Heart Disease Home > Blood Clots Following Off-Pump Bypass Surgery

Blood clots following off-pump bypass surgery can sometimes be harmful. Normally, blood clots are helpful, because they stop bleeding and keep you from losing too much blood. However, when the clots block an artery in the leg, for example, tissue can be damaged due to lack of blood and oxygen. Unwanted blood clots following off-pump bypass surgery can require blood-thinning medications or surgery.

Blood Clots Following Off-Pump Bypass Surgery: An Overview

Every time you have a cut or bruise, your blood clots to help stop the bleeding so that you don't lose too much blood.
But sometimes, blood clots can be harmful. When an unwanted blood clot forms and gets stuck in an artery or vein, it can block the flow of blood and cause serious problems.
One place that unwanted clots can form is in the legs. This is more likely in patients who have blockages from fatty buildup in the arteries of their legs. When a clot blocks the blood flow in an artery, tissue in the leg may not get enough blood and oxygen, and can be damaged or even die. In rare cases, the leg may even need to be amputated.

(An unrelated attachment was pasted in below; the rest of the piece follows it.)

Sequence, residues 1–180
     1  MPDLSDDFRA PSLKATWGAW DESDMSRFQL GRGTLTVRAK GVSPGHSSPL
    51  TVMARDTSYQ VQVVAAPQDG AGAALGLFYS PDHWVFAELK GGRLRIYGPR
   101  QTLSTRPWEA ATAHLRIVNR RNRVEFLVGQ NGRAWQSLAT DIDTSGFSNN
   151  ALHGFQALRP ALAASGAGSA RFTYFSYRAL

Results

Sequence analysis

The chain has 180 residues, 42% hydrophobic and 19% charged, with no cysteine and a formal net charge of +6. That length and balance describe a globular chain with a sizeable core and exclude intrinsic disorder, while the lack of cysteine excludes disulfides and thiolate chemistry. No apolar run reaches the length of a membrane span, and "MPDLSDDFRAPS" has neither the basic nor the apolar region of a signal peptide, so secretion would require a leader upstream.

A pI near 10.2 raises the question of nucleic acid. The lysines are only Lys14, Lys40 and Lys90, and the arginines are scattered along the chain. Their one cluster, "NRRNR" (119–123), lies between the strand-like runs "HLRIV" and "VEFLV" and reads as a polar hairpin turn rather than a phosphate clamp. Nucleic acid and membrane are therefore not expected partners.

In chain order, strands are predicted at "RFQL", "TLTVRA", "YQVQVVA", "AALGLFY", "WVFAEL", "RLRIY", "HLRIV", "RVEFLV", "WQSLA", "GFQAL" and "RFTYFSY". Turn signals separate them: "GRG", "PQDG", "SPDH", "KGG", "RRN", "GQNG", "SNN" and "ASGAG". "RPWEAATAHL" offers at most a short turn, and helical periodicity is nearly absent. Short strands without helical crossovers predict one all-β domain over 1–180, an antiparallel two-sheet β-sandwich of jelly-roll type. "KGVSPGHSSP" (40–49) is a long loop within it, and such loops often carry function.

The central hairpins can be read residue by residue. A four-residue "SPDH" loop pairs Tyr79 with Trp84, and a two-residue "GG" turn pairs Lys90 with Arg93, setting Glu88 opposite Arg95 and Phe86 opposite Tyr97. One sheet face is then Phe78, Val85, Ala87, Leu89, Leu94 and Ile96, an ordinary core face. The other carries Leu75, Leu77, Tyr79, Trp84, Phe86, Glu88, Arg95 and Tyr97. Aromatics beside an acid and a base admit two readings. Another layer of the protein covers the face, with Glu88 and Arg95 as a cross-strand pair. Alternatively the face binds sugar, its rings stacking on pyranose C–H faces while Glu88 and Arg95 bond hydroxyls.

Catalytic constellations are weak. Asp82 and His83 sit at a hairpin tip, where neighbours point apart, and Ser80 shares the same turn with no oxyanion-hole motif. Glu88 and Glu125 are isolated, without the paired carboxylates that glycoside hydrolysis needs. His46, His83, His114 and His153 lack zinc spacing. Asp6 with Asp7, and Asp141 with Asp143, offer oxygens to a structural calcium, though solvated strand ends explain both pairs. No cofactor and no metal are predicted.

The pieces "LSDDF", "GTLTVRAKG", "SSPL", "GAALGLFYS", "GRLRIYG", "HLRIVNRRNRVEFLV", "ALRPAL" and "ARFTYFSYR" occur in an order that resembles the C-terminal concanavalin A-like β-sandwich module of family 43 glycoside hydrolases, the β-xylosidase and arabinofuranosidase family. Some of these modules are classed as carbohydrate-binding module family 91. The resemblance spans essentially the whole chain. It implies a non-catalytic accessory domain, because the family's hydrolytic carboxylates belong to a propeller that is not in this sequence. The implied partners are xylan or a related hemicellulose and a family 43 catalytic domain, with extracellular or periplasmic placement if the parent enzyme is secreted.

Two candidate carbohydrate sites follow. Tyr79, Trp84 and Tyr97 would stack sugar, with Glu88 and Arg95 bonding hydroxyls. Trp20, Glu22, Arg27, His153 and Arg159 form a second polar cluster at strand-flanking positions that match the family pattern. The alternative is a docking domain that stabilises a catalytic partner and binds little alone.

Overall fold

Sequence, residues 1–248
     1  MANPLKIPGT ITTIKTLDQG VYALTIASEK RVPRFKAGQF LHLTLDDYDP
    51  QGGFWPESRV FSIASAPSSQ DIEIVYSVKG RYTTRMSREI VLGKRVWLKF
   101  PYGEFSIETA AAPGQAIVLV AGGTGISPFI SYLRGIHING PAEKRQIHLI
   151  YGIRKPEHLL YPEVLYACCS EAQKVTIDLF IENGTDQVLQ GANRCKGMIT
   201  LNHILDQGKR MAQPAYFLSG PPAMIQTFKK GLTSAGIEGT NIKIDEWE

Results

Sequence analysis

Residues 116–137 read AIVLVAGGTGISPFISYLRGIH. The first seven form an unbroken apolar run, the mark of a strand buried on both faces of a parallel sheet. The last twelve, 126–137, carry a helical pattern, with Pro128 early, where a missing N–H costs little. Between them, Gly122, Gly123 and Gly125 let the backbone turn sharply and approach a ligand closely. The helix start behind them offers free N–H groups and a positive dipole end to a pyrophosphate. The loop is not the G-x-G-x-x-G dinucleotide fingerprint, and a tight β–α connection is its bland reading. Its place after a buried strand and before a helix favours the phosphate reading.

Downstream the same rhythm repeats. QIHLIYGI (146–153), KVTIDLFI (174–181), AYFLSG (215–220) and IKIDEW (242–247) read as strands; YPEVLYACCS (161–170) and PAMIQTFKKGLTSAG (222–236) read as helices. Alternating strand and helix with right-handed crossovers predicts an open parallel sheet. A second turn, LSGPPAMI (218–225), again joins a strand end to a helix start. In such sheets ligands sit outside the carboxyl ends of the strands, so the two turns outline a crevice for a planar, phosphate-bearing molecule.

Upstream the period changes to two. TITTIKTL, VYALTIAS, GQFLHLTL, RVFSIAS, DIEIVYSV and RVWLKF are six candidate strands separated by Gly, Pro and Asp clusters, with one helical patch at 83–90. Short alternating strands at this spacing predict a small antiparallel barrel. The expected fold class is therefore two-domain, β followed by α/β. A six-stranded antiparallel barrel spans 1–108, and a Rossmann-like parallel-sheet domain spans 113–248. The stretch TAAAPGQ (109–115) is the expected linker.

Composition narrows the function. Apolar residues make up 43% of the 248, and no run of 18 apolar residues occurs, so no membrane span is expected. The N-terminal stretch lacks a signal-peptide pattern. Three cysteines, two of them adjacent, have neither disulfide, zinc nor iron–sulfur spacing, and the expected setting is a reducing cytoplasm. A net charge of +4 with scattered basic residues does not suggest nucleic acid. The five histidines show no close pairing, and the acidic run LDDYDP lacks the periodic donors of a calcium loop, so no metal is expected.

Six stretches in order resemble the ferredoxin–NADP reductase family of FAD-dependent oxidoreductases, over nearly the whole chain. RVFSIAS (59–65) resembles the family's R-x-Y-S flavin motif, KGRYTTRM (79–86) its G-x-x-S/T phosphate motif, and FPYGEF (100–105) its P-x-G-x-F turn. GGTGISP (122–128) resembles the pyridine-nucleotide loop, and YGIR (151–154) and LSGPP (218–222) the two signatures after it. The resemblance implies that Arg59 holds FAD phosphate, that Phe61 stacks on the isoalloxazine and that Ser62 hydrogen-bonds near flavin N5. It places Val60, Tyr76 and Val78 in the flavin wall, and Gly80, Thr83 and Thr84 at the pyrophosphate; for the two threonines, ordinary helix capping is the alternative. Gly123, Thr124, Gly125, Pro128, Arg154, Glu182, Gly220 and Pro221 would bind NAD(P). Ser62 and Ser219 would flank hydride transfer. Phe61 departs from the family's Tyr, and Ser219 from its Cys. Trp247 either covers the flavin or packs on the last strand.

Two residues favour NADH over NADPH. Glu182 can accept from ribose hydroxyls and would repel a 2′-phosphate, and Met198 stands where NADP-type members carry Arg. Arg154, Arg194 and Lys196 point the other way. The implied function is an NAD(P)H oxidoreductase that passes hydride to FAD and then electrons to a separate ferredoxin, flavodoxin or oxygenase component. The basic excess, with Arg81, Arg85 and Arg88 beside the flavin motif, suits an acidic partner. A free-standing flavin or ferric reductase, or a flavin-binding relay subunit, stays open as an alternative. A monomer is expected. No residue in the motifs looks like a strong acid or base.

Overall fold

Clots that form in the arteries are called arterial clots. Another kind of blood clot, called a deep vein thrombosis, can form in the veins. These clots can migrate from your leg to your lung, where they may cause shortness of breath and other problems. This may happen after many types of surgical procedures, such as off-pump bypass surgery, but it rarely does. If it does happen, it's usually treated with blood-thinning medications.
To help reduce the risk of blood clots following off-pump bypass surgery, be sure to let your surgeon know if you have ever had blood clots in your legs.
Written by/reviewed by:
Last reviewed by: Arthur Schoenstadt, MD
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